Study finds poverty in US shifting to suburbs

Study finds poverty in US shifting to suburbs
Tue Aug 5, 2014 4:34AM GMT

The number of Americans living in poverty remains stubbornly stuck at record levels and more of those residents now live in US suburbs rather than in big cities, according to a new study.

The study by the Brookings Institution, a think tank based in Washington, indicates that the number of poor US residents living in distressed suburban neighborhoods grew by nearly 140 percent from 2000 to 2012.

The Great Recession reversed the economic gains that helped reduce poverty rates in the late 1990s, but has also concentrated poverty inside suburban communities, many of which now have higher poverty rates that the inner cities they surround, the study said.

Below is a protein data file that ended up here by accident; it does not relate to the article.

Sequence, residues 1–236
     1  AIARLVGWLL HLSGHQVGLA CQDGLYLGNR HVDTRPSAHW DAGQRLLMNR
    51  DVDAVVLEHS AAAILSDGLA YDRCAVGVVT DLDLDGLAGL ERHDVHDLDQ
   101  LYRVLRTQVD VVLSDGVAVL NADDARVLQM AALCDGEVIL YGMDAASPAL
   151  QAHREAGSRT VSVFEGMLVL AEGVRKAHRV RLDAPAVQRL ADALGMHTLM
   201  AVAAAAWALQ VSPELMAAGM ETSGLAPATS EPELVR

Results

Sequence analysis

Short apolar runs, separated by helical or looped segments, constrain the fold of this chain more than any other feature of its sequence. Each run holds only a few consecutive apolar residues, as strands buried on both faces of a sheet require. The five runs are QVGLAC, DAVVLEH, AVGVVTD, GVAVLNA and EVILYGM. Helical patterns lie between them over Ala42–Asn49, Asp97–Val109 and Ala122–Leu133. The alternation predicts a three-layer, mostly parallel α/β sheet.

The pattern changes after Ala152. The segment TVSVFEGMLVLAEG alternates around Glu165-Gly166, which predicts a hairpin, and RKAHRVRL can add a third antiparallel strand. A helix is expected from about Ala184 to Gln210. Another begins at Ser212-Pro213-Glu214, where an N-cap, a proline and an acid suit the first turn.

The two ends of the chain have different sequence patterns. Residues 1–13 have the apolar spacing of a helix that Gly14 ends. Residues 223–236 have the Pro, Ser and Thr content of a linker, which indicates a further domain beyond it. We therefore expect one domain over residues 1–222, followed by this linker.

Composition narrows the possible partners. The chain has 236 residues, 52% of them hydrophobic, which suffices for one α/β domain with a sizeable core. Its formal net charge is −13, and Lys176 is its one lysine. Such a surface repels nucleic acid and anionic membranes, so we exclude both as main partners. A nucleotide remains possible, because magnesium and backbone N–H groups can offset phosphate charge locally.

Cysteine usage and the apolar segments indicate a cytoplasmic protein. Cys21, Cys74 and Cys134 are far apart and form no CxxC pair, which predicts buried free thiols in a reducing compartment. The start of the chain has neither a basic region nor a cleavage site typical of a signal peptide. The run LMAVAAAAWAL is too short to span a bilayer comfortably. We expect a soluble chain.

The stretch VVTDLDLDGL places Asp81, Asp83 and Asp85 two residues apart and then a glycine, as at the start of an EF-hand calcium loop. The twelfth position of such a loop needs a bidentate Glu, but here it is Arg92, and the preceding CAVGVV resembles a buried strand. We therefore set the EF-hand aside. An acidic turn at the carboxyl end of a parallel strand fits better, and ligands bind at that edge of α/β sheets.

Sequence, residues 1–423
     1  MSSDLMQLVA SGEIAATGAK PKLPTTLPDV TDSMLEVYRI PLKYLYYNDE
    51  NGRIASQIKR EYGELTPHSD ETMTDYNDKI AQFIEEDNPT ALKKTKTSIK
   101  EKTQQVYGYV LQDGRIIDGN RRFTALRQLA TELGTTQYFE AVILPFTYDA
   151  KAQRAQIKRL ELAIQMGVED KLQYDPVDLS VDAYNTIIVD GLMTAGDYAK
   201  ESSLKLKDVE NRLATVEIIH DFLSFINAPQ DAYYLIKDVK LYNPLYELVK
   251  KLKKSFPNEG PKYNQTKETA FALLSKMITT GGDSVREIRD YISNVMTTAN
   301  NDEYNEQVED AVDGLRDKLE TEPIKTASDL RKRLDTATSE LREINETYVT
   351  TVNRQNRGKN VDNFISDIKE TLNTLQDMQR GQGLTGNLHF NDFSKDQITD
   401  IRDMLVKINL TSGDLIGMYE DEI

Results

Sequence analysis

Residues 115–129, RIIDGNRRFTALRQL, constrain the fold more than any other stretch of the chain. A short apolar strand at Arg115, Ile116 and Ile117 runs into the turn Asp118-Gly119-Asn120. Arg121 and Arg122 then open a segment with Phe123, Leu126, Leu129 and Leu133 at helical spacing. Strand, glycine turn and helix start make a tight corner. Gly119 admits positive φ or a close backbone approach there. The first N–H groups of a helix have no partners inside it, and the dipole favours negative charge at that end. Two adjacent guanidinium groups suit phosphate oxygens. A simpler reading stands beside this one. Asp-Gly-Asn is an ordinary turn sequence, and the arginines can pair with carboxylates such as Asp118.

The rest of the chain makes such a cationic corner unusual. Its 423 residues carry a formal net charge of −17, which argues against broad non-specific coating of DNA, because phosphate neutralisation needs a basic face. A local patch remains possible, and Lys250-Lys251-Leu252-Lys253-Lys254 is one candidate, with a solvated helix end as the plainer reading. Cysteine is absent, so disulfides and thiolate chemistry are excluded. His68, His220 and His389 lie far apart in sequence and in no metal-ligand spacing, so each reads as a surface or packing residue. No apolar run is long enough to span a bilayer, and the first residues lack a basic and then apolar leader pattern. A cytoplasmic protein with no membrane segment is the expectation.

The report says the suburbs of almost every major metropolitan area have seen an influx of the poor, with the metro areas of the southern and western states having the highest concentrations.

Brookings also found that many of the suburban communities are ill-equipped to deal with the needs of an increasingly concentrated low-income population.

“The fact that so many of these neighborhoods and residents are located in suburbs only adds to the challenge and the need for urgency, because many of these communities are ill-equipped and unprepared to deal with the needs of a growing and increasingly concentrated low-income population,” wrote Elizabeth Kneebone, the report’s author and fellow for Brookings’s Metropolitan Policy Program.

In suburban neighborhoods with more than 20 percent of the population living in poverty, 37 percent of the residents are white, 36 percent Latino and 20 percent black. Of the higher-poverty suburban poor, 22 percent are foreign born and 28 percent are children.